Grime Writer: detergent-filled graffiti pen

Grime Writer is a detergent-filled graffiti marker that cleans away street-filth to leave your message behind. There's a good chance that the graffiti you create with these is no more legal than any other kind -- there've been successful prosecutions against companies in the UK that paid "street teams" to "reverse-graffiti" their messages by using detergent and stencils to selectively clean away grime from public walls, leaving behind commercial messages.

Grime Writer is a special chunky marker pen that can be filled with cleaning solution, and used to create art on a canvas of filth. Use it to tag your dirty vehicles & windows, or to transform dirt into artistic expression.

Much more socially acceptable than real graffiti and (more importantly) a lot less illegal - Grime Writer helps you leave your mark wherever you find muck. Use responsibly to help promote the phenomenon of negative graffiti, and brilliantly combine the crime of defacing a bridge with the community service time cleaning it up again afterwards, into one harmless, helpful, creative act.

Grime Writer : Cleans away grime to leave your message (via Super Punch)


    1.  Yes, immediately where my mind went as well.

      At the very least, this is someone who is promoting a message for the public good, and with strong artistic skill. Much better than some fool etching his name into glass or affixing name tag stickers everywhere you look.

  1. The companies were presumably prosecuted for breaking planning laws and advertising somewhere where they’re not supposed to. Ordinary graffiti artists tend to be prosecuted for criminal damage, and I’m not sure if a criminal damage charge would stick in this case.

    1. Yes. Regular graffiti leaves a mark when the area it was done in is cleaned. Here removing the graffiti leaves a larger area cleaner. Hard to see how that is defacement or damage. And I say that as a person who hates graffiti.

    2. They’ll just find some other charge to stick on the poor bastard. Law books are so thick that every single one of us is in violation of something at any given point in time.. the only challenge for the police is picking one.

      1. This sort of comment always makes me sad. In fact, most laws are regulations intended to protect people, rules on how the government must act, and other specialized legislation. However, in fact, almost all municipalities, cities, and states (as well as the Federal government) in the United States make their laws readily available, generally in searchable form, on the internet. It’s really not that hard to see what’s against the law for normal people out doing normal things. Business regulations? Yes, those can be complicated. You walking to the corner store? No.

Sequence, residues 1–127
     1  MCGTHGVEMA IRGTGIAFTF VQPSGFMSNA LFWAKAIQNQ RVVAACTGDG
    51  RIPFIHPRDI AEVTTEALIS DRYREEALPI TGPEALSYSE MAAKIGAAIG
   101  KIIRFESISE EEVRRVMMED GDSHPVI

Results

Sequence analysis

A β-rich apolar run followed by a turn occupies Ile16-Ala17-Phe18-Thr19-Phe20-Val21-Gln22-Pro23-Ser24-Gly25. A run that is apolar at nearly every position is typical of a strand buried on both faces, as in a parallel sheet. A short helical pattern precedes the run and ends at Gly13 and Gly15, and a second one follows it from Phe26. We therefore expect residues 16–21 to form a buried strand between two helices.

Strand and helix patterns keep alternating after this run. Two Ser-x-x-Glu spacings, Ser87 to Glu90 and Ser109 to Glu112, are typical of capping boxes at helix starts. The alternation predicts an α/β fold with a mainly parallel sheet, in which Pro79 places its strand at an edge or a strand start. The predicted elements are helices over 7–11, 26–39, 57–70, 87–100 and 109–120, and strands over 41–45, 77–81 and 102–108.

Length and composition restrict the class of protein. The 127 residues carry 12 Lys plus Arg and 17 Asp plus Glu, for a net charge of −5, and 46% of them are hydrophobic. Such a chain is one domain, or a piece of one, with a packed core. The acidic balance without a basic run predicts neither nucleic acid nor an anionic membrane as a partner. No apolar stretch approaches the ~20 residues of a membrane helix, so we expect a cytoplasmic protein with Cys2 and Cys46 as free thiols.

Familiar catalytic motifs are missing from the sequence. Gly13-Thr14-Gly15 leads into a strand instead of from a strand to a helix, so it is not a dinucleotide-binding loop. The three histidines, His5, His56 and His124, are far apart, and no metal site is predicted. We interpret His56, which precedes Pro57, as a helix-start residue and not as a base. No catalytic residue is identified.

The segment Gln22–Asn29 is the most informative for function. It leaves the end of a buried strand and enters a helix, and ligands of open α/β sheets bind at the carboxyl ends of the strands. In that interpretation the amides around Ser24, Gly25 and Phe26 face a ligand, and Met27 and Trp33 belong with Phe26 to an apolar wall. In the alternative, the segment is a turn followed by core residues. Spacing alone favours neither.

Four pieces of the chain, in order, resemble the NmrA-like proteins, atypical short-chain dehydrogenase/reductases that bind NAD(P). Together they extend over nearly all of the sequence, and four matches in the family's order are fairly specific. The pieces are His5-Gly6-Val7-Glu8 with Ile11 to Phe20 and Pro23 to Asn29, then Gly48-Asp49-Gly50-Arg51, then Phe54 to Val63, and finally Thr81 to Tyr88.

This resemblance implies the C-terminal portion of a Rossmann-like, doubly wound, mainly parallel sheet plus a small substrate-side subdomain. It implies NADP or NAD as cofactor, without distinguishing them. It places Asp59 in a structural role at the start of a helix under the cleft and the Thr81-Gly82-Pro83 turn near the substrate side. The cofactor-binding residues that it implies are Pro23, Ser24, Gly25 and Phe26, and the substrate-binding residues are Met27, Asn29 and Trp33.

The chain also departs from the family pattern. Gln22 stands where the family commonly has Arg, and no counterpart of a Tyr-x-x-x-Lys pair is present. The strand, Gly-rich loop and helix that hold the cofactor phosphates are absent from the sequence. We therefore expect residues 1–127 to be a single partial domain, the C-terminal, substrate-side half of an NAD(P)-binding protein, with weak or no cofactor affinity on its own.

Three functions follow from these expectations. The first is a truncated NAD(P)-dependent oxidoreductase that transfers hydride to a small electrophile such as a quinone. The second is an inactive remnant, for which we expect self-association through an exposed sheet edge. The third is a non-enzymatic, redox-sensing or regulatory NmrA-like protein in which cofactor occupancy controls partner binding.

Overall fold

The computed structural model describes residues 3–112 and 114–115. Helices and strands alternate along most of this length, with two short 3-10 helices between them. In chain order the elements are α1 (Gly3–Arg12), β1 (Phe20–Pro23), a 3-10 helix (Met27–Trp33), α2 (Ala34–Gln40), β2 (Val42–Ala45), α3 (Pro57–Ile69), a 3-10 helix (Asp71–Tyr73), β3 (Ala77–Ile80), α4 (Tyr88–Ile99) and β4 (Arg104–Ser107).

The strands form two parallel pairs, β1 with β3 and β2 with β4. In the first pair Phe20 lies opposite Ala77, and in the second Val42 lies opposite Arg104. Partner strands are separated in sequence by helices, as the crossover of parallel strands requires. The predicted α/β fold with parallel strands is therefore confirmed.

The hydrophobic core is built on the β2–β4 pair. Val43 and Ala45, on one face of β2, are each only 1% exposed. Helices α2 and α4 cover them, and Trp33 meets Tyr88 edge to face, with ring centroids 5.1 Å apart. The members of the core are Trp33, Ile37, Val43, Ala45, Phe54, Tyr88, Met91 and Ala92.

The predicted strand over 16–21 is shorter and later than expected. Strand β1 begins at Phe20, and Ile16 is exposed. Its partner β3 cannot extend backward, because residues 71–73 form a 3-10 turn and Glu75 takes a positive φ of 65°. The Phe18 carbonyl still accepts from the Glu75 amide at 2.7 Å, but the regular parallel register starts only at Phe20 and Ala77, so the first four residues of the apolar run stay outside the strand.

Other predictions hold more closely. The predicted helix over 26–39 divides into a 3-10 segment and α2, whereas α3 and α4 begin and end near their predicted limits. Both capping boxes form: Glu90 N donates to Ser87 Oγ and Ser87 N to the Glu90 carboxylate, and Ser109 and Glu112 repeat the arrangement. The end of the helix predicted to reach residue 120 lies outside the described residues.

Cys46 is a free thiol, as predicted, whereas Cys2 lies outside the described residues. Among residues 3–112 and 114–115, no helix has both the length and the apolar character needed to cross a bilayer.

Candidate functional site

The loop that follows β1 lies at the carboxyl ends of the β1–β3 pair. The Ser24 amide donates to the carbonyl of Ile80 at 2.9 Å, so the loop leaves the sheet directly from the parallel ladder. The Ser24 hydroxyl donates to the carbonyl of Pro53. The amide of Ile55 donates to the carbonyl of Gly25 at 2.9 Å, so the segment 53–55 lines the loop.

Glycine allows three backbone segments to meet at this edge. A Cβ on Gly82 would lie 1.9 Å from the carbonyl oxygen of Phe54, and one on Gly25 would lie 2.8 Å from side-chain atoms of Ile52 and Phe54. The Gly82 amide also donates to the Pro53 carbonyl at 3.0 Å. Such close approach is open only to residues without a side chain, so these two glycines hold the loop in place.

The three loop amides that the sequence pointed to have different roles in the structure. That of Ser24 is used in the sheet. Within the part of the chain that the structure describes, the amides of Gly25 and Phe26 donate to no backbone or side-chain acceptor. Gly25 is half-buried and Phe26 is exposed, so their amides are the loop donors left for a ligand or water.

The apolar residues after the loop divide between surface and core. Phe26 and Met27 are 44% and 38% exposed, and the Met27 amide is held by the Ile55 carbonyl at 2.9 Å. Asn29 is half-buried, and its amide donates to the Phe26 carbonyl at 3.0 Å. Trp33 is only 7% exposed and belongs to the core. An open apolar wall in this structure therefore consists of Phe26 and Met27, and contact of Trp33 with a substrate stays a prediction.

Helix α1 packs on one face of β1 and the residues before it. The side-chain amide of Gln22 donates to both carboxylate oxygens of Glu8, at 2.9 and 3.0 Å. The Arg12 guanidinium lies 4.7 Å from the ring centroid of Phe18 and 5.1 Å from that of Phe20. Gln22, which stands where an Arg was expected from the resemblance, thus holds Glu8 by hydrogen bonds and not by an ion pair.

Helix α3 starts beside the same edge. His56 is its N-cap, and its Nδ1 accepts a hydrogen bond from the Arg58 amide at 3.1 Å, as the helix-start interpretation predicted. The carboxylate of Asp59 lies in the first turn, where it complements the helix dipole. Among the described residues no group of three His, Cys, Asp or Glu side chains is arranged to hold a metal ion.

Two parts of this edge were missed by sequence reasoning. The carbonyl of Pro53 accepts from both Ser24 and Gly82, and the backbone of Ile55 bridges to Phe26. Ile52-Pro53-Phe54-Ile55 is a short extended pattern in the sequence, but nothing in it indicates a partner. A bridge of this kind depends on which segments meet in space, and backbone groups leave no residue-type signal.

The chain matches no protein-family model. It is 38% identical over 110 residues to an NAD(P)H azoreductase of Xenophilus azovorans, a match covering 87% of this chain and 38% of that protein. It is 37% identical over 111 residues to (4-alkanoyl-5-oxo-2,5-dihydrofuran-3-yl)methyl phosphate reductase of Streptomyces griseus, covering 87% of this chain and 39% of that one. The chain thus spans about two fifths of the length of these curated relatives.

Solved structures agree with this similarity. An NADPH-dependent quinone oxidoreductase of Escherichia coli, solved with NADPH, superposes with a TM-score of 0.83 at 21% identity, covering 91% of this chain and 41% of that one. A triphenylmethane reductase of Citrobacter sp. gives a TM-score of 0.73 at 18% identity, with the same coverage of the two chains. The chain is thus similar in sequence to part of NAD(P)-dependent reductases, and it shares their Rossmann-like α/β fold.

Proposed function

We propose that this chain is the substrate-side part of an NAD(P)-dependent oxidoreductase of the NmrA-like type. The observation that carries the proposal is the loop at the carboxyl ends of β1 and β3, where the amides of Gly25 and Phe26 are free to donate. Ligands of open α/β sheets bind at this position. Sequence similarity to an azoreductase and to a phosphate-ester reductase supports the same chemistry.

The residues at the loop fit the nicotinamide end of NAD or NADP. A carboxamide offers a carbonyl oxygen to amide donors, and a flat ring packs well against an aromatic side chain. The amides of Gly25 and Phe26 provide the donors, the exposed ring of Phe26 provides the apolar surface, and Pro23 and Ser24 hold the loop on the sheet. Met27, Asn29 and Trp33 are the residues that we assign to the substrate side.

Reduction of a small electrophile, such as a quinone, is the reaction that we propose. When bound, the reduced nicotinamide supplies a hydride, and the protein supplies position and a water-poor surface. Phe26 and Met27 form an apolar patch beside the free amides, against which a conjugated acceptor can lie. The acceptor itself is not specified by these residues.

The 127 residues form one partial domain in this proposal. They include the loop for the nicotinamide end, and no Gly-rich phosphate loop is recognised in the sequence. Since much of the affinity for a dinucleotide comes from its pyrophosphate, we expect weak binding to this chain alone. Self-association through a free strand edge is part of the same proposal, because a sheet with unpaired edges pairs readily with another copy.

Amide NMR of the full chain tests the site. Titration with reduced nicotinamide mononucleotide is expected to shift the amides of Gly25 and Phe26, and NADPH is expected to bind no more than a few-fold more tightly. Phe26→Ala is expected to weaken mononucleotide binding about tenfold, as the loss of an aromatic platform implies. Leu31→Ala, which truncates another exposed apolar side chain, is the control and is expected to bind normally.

1. How do you account for lawyers and cops making that sort of comments?

          I’m not going to search out the relevant video right now, someone has probably linked it in a reply to one of your comments in the past.

          1. What? I don’t know what you’re saying.

            I will say that people can always (a) lie and arrest you, or (b) conduct a Terry stop. That just isn’t the same as what that person said.

          2. I’m saying – how do you react when police and lawyers agree that there are so many laws that you are probably breaking them, if not at every single moment, then certainly often enough that no knowledgeable officer has to wait more than about ten minutes to get you on something.

            The lawyer:
            The cop:

    3. “The companies were presumably prosecuted for breaking planning laws and advertising somewhere where they’re not supposed to.”

      I think that you’re probably right – otherwise all those kids drawing with chalk on the street need to be rounded up immediately.

          1.  Hehe…I’m imagining Edward McLachlan’s Simon (you know, and his land of chalk drawings) being led off in handcuffs.

  2. So it’s a sponge attached to an empty  tube, shaped like a marker, which you can purchase instead of making yourself.

    Take that consumerism!

    1. me too…and then you could go big and like squegee stuff. I think this soap and water thing could catch on.

    2. graff writers have been using those envelope things for years. shoe polish roll on dispensers work well, as do empty VHS housings with a chalkboard eraser as the ultra-wide nib.

  3. Or maybe someone could clean an entire wall with those things, and claimed they were influenced by Robert Rauschenberg’s White Paintings.

  4. Now I’m thinking about how to combine this idea with stencils. A quick hit and run spritz in a bunch of dirty places could carry quite a lot of impact.

Comments are closed.